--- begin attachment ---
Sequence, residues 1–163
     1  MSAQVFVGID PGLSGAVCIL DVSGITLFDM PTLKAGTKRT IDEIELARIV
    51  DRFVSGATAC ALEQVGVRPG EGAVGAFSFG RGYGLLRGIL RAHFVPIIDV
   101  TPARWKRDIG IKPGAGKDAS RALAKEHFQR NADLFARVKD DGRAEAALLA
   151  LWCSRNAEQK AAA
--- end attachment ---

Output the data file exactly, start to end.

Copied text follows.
Sequence, residues 1–163
     1  MSAQVFVGID PGLSGAVCIL DVSGITLFDM PTLKAGTKRT IDEIELARIV
    51  DRFVSGATAC ALEQVGVRPG EGAVGAFSFG RGYGLLRGIL RAHFVPIIDV
   101  TPARWKRDIG IKPGAGKDAS RALAKEHFQR NADLFARVKD DGRAEAALLA
   151  LWCSRNAEQK AAA